The city sent job offers to 355 Detroiters so far, with 279 people accepting positions and 176 are employed. Another 25 were transferred to another position in the city, and six were promoted to jobs earning $17 per hour or more in the General Services Department, officials said. Tuesday’s presentation showed 11 people are expected to start a Skills for Life position within two weeks, while 65 people declined a city job offer and 72 others accepted positions but they are no longer employed.

Skills for Life has seen a higher number of participants who live in City Council District 7 and District 2, located on Detroit’s west side, with 47 and 45 participants, respectively. With only seven individuals, southwest Detroit’s District 6 had the lowest participation rate. Efforts will be ramped up there to encourage more residents to apply, officials said. 

There are 55 participants enrolled in vocational training programs and 71 people in education skills training. The city offers occupational training for CDL-A drivers, electrical technicians, heavy equipment operators and masonry restoration work. Education training is also offered to prepare Detroiters to receive GEDs, learn English and gain other skills.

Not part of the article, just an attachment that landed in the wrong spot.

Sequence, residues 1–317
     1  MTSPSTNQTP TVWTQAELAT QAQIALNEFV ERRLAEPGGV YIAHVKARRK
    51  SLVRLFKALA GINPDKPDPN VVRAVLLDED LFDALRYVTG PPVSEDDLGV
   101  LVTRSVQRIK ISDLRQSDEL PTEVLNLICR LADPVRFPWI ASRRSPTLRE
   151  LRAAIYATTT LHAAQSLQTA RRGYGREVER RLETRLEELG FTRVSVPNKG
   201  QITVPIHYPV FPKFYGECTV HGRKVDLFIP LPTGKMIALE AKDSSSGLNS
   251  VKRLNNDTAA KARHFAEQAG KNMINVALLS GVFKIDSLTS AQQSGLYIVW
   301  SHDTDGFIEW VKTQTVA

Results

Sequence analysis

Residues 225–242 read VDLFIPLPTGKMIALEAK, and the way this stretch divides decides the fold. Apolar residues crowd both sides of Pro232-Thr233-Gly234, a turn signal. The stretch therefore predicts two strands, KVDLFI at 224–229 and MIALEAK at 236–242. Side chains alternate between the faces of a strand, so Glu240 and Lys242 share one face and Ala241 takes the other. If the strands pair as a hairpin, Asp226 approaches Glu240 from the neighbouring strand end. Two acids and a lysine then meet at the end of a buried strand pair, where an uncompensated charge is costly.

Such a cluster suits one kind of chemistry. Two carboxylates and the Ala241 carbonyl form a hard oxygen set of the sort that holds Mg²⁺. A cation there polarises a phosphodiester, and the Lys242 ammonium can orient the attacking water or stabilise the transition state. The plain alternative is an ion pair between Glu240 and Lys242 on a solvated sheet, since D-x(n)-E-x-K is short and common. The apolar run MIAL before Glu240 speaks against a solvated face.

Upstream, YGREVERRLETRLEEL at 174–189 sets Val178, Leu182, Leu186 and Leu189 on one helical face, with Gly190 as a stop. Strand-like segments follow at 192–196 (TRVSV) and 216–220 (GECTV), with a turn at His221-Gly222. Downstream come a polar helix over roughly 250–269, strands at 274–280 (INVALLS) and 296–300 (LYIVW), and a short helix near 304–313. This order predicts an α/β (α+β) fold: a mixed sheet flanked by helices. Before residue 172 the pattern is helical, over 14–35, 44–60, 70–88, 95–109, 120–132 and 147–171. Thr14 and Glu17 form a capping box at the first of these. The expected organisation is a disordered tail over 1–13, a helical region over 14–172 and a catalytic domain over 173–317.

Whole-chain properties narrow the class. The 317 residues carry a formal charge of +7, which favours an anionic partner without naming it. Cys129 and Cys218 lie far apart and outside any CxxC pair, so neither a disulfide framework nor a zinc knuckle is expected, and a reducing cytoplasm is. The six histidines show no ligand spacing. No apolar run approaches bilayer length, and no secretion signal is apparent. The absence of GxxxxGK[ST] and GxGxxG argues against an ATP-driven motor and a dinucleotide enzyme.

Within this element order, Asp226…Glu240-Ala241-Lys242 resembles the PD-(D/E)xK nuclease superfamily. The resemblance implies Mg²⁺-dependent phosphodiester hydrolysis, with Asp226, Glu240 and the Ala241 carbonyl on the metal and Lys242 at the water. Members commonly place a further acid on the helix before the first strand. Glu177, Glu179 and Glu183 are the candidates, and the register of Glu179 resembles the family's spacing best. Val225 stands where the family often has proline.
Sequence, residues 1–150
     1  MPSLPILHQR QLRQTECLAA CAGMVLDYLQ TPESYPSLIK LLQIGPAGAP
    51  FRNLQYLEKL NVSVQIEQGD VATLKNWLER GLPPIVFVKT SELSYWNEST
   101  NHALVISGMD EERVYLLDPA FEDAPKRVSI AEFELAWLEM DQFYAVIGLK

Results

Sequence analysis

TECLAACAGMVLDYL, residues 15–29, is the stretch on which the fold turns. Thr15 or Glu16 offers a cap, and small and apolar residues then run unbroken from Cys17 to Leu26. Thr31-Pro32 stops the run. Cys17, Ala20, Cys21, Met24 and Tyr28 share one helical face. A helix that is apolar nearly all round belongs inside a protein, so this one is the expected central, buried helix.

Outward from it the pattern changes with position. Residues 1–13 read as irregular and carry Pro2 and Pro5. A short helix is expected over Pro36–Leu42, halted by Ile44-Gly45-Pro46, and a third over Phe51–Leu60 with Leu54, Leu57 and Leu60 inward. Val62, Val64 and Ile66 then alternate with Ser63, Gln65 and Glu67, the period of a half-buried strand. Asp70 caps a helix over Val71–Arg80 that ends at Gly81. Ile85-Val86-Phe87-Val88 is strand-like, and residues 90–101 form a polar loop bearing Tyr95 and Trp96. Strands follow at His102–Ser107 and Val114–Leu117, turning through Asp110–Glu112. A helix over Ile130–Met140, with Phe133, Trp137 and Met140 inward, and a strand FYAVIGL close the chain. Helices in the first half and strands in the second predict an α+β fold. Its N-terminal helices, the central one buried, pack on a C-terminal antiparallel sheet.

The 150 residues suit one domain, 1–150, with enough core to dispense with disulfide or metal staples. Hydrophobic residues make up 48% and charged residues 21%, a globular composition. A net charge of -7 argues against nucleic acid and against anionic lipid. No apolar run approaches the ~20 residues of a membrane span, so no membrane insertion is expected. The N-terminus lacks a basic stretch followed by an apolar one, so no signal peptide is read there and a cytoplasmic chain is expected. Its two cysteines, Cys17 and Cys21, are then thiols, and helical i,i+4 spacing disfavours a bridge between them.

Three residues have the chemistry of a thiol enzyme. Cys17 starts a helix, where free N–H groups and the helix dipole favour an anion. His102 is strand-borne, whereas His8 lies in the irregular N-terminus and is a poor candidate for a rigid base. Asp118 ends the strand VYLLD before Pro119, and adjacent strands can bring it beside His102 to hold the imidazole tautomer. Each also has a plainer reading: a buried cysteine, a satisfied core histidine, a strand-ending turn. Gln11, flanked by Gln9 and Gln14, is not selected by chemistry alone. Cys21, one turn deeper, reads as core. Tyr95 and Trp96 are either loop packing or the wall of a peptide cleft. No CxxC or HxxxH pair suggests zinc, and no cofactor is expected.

Training costs an average of $5,000 per person, according to the city. Sherard-Freeman said administrative costs associated with job training are increasing. The city is trying to keep costs “reasonable,” she said, but “if we want the quality of what we’re providing to Detroiters to increase, it’s probably going to cost us more.”

Council Member Fred Durhal III, who represents District 7, praised the program for being available to returning citizens who face steep barriers to employment after serving their sentence. 

“I look forward to growing, particularly as we talk about targeting our at-risk youth here in an era where we talk about gun violence,” Durhal said. “Folks want to talk about addressing the systemic issues, and I believe programs like this are such. We can ask folks to put their guns down but if you don’t give them anything to do, what are they going to do?”

Daryl Conrad, the city’s chief recruitment officer, noted that the program is open to people with a criminal record, but the city uses discresion when reviewing applicants with a recent history of violent crimes or sexual misconduct. 

Skills for Life was the second initiative announced by Detroit to be funded with the city’s $826 million allocation of federal pandemic relief aid. A budget breakdown presented Tuesday shows $38.5 million was allocated for employee wages and $36.5 million was dedicated for blight removal contracts and training contracts.

As of Tuesday, the program has resulted in blight remediation at 682 properties, trash pickup at 3,049 locations, and other cleanup work at 841 parks and 81 freeways.

People interested in applying should visit and click “Sign Up Now.” Applicants can expect to hear from the city within 72 hours of beginning the enrollment process. For additional information, call (313) 962-9675.